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The Sound of Ideas

40 Years of Earth Day

Posted Friday, April 23, 2010

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40 Years of Earth Day The first Earth Day was held 40 years ago. Back then, the big environmental fears had to with overpopulation and a vision of the future that involved city dwellers needing gas masks. You've got to admit, when today’s top issues involve a green economy and geo-engineering, times sure have changed. Friday at 9, Regina Brett and guests take a look back at the last forty years of greening the planet. What can we learn today from the successes and mistakes of the past? We'll talk to some of the biggest names of the environmental movement both then and now.


Environment, Government/Politics, Health, Other, Transportation


Paul Ehrlich, President, Center for Conservation Biology & Bing Professor of Population Studies, Stanford University
Denis Hayes, President & CEO, Bullitt Foundation & Earth Day Organizer
Andrew Watterson, Chief of Sustainability, City of Cleveland
David Beach, Director, GreenCityBlueLake Institute

Additional Information

Unfinished business: Earth Day 40 years later, Washington Post video
A New Shade of Green, by William Ruckelshaus The Wall Street Journal
How much environmental action has occurred in 40 years?, USA Today
Earth Days, American Experience

Leave a Comment

Please follow our community discussion rules when composing your comments.

Brenda Dillane 9:47 AM 4/23/10

Please thank your guests for shaping the consciousness of this 50 year old! I try to instill these values in my son and the children I work with.  COuld they speak briefly to the way “biodegradable” is viewed today? I still try to purchase such products but less emphasis seems to be placed on this, for example shampoos sold in health food stores but not labeled as biodegradable. Lastly, ditto to the comments from the caller who thanked the work you do, Regina, to better the Cleveland area.

Jim Ridge 12:46 PM 4/23/10

Great job taking something abstract as ‘Earth Day’ and making it real for your listeners.  Engaged citizens care more about things when they choose to become actively involved with a cause.  One fine example of a Cleveland organization providing a conduit for northeast Ohioans to develop a more intimate relationship with our river is the Cleveland Rowing Foundation, where over 650 scholastic, college and adult rowers ply the waters of the Cuyahoga. 

In two weeks over 350 adults will soon begin Summer Rowing League, with many of them literally getting into the Cuyahoga for the first time.  Each of those participants will become an apostle for the value and benefits a community receives from a greener environment.

The Rivergate Park initiative is a tremendous opportunity to locate a new recreational center on the banks of the Cuyahoga.  For more information, go to

Frank Campbell 3:03 PM 4/23/10

My relationship with the Cuyahoga is much different now than it was before I began rowing on the river.  Before, the river was just some abstract body of water that divided the East and West sides of Cleveland; it never occurred to me that people were ever intimately associated with it.  Now because of time spent rowing on the river, I have a fondness for it and am very much concerned about its health.  In a rowing shell, you are perched inches above the water, pretty much as close as one can get without being immersed.  There, as an athlete, the river becomes an essential companion, as you navigate it’s waters experiencing the city from a perspective that is foreign to most.  There, you experience first hand the complex relationships between the industries of the city, the varied bird populations which are sustained by the Cuyahoga and inhabit its banks, and the river itself. It then occurs to you that there is more to it – WE are also an important participant in this complex community that is dependent on the river.  Certainly, without the progress of the last 40 years the river would not currently be host to hundreds of local rowers nor the site of annual regattas.  There is much work yet to be done.  If you establish a connection with the river, you will quickly have a new appreciation for its importance.  Personally, I would recommend rowing, but however you do it get to know the Cuyahoga.  It’s life depends on it.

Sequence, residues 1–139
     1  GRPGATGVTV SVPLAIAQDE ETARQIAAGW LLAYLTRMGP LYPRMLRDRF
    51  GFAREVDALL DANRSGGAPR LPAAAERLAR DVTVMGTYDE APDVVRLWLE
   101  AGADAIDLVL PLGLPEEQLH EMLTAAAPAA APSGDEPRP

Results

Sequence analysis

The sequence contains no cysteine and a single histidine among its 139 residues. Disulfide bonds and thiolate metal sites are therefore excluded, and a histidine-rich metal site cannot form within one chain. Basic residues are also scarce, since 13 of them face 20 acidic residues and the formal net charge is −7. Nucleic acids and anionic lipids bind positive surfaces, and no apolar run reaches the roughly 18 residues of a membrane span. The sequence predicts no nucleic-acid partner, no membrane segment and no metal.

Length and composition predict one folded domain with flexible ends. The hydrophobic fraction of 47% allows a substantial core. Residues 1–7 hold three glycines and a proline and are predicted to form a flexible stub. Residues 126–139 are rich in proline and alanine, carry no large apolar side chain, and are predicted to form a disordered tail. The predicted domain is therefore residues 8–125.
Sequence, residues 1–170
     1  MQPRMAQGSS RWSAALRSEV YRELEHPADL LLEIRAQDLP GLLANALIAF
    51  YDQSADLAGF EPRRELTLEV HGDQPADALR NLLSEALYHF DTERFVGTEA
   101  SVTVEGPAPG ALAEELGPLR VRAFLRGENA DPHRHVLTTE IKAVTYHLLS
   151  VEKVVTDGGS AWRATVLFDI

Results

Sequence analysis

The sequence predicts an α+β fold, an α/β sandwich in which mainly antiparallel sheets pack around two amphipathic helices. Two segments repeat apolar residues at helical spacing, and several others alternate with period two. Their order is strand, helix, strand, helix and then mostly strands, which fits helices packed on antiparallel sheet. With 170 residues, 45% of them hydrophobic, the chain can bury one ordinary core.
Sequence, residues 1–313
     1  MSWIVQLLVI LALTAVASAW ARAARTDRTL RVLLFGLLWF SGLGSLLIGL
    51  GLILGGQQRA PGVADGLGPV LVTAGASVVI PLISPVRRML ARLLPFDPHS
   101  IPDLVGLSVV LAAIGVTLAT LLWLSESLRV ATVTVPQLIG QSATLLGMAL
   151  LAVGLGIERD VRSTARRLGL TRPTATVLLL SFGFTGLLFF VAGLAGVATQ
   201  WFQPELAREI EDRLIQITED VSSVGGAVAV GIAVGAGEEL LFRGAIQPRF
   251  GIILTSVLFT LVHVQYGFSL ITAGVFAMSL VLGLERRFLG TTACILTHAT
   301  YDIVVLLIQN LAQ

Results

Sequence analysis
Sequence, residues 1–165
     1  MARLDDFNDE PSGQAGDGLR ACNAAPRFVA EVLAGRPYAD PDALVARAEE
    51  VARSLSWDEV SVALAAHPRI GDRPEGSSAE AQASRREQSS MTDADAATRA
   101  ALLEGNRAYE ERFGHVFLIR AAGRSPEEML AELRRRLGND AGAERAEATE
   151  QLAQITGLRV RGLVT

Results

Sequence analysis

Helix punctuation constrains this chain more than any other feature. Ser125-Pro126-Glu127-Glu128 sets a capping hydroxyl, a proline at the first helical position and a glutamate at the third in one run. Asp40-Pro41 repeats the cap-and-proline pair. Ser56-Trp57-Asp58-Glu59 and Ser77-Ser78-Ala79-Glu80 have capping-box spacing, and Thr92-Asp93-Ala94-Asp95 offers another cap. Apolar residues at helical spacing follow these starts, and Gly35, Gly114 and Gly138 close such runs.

Diane Koski 1:39 PM 4/24/10

I have lived in Parma all my life and I never really paid much attention to the Cuyahoga River until I started rowing on a summer rowing league ( on the river. I am now starting the fourth year of my love affair with Cleveland’s rivers and lake. I absolutely love being out on the water and feeling a calm wash over me. I love watching blue heron birds in the river. I now enjoy going down to Whiskey Island, The Harp, and some of the area beaches to overlook Lake Erie and take in all the action from pleasure craft to freighters to seagulls to the sunset. I feel more connected to Cleveland now than I ever did before. I go for walks in the metroparks along the watershed and kayak in Hinkley Lake as well. In Cleveland, we are very fortunate to have so many parks and waterways to enjoy. Getting out there and experiencing them is the first step in preserving them. I hope that one day, people will not look skeptically when I say I row on the river as if surely I couldn’t mean the Cuyahoga… the same one that burned. The river is not perfect, but has come a long way and I am proud to say I row on it and I encourage others to experience it. Rowing is what began my love affair with Cleveland’s waterways, which continually deepens my interested in improving these resources and the environment.


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